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Scion: A Timeless Exploration of Tradition and Modernity

Scion (Originally Vamshavriksha in Kannada)

Author: S.L Bhyrappa

Translated by R. Ranganath Prasad

Genre: Translation/Fiction

Published by Niyogi Books

Pages: 520

MRP: Rs. 950/-

S.L Bhyrappa's Scion, translated from the Kannada original Vamshavriksha by R. Ranganath Prasad, is a masterful exploration of timeless existential questions through the lens of an Indian family saga spanning generations. Through intricately crafted characters facing moral dilemmas, Bhyrappa unfurls the duality of existence, challenging the reader's notions of right and wrong.

The book revolves around two Brahmin families whose destinies intertwine - the orthodox Shroty family and the progressive Rao family. The saga navigates complex themes of tradition versus modernity, duty versus desire, and the role of women in society.

At the heart of the narrative is Srinivas Shrotri, who steadfastly upholds dharma despite life's cruelties. His stoic adherence to tradition in the face of modern tumult makes him the moral anchor of the story. Though a fictional character, Shrotri's dignified grace evokes the aura of enlightened beings who have walked this sacred land through the ages to preserve its wisdom. He remains uncorrupted by life's dualities, maintaining equanimity whether fortune smiles on him or abandons him to adversity. Shrotri's perspective balances the arguments in the book, preventing definitive judgements on right versus wrong. He is the philosophical core around which the other vivid characters take shape.

On the question of widow remarriage, we see the progressive stand of Rao contrasted with the plight of the child widow Nagalakshmi, torn between duty and desire. Her feminine innocence evokes sympathy as societal constraints throttle her life. But Shrotri's adherence to tradition provides the counterview.

Sadashiv Rao's unquenchable thirst for English education collides with Shrotri's belief in the ideals of indigenous gurukula education. But Bhyrappa etches Rao's character with nuance - his passion for knowledge is admirable even if his methods raise doubts. Rao's collegue Karuna displays similar hunter for education but her motivations highlight the gender inequality of those times.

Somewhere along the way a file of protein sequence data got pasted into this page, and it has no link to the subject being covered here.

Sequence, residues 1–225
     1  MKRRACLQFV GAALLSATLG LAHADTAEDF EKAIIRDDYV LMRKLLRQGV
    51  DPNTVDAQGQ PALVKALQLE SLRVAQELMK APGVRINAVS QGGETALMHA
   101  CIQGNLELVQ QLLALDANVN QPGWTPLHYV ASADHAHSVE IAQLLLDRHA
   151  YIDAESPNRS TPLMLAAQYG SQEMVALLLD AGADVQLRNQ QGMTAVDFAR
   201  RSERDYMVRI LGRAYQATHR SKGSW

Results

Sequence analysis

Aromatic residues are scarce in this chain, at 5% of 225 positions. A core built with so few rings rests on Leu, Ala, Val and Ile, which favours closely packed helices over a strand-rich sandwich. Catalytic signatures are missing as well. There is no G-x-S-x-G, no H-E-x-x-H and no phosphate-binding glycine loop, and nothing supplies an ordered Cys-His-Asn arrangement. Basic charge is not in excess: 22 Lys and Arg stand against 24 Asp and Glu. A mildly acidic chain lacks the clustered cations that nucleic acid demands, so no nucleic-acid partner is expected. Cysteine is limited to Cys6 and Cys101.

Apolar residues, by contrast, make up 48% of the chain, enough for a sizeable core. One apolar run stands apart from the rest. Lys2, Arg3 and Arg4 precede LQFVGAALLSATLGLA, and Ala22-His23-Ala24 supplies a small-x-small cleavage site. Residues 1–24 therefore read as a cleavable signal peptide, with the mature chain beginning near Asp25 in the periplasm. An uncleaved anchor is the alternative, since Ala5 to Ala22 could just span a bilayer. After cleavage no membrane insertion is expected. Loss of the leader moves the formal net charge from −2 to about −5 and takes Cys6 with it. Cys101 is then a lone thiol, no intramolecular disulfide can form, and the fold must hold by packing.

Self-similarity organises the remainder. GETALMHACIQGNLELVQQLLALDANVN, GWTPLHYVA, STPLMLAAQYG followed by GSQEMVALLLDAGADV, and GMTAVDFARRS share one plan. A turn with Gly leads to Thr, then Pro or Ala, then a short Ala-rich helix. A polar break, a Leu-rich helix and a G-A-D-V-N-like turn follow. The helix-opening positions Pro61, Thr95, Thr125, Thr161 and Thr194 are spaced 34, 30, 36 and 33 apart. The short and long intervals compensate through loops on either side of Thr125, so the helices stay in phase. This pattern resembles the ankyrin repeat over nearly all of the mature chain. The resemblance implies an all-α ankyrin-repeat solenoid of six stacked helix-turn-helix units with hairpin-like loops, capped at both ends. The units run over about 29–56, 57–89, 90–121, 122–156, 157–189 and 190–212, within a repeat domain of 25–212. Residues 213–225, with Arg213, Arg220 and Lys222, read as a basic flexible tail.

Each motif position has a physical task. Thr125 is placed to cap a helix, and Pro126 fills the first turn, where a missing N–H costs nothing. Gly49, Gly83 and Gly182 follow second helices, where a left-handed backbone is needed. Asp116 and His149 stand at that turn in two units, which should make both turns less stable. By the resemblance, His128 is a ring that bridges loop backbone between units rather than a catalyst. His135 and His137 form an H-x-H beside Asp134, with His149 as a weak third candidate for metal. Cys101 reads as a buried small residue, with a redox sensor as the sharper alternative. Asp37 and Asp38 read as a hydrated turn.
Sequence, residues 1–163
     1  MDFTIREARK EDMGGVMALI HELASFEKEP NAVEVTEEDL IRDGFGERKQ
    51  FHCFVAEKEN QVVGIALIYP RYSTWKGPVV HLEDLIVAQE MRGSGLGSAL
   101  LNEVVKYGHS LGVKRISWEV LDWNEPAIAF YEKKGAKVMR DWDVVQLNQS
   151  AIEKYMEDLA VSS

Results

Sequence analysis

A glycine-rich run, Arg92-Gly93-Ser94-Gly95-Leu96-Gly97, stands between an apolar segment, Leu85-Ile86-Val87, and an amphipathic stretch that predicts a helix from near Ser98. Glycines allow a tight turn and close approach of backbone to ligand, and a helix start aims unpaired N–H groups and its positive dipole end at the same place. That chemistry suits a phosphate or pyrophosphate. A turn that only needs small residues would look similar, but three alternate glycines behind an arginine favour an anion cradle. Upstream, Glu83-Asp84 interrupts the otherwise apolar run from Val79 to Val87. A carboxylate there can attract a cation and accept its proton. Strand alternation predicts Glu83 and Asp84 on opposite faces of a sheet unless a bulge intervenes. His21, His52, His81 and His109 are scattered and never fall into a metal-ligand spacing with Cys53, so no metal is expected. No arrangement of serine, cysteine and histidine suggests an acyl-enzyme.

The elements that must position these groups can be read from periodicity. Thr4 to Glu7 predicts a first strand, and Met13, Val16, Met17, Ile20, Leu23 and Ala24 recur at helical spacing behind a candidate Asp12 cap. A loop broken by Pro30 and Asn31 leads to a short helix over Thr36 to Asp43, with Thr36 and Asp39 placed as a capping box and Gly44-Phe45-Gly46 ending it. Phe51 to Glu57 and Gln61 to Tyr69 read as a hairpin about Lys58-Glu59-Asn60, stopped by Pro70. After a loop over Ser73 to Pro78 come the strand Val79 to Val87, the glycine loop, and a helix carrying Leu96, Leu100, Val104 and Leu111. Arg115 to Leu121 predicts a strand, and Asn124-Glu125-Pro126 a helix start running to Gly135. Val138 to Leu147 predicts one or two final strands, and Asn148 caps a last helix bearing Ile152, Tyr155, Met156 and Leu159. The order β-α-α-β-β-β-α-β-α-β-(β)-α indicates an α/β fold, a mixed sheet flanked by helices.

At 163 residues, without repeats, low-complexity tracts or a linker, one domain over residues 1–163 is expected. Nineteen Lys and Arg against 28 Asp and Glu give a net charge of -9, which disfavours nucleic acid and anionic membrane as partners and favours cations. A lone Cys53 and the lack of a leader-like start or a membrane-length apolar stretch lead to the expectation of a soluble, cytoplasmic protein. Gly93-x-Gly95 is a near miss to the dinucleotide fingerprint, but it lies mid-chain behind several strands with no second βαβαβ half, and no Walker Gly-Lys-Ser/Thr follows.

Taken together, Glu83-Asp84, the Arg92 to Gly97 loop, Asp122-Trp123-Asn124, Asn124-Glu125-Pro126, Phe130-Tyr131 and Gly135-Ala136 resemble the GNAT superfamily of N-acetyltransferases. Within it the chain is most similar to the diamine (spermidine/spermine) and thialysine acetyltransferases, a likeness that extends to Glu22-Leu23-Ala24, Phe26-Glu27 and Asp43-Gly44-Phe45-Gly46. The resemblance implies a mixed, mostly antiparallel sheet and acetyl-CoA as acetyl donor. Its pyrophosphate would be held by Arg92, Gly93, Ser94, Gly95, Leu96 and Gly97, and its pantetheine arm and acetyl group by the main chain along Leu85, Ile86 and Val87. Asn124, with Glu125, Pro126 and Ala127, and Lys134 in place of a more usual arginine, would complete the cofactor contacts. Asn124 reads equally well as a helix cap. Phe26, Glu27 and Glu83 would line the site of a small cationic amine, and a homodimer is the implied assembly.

At the heart of the saga is the complex character of Raja Rao whose inner turmoil mirrors the larger generational conflict between tradition and modernity. The chain of events leading to the devastating climax underscores the inescapable influence of karma.

The final 100 pages are emotionally charged as Bhyrappa masterfully crafts heart-wrenching twists. The book's shifting viewpoints and tragic events churned up questions in my mind about duty, destiny, societal constraints and rebellion. Bhyrappa offers no simple answers but urges contemplation of life's inherent contradictions. Scion stays with you long after, kindling philosophical debates within.

At just over 500 pages, the expanse of the story is a testament to Bhyrappa's astounding skill at intricately weaving complex narratives. That he penned it in just one month in 1965 is astonishing. His research into various schools of Indian philosophy enriches the book with authenticity. The elegance of Ranganath Prasad's translation must be applauded for making this Kannada classic accessible to wider audiences.

Scion is the work of a master storyteller at the peak of his powers. The character portrayals are so full-blooded that the line between fiction and reality blurs. The vividness of the character's inner worlds makes their moral struggles profoundly intimate. The narrative vozes between multiple perspectives with effortless grace, underscoring the difficulty of absolutist judgements. At a time when simplistic righteous outrage dominates public discourse, Scion's philosophical depth is a timely reminder that truth has innumerable facets difficult to disentangle.

In Scion, Bhyrappa displays his genius at portraying fictional lives with the complexity of real people. As one wades through the moral conundrums they face, preconceived certainties melt away. We realize the futility of snap judgements uninformed by wisdom. In shining light on eternal philosophical questions, Scion emerges as a modern classic that both moves and enlightens. It is an intellectually nourishing read, but also an emotionally stirring one. Warmly recommended for all lovers of literary fiction.

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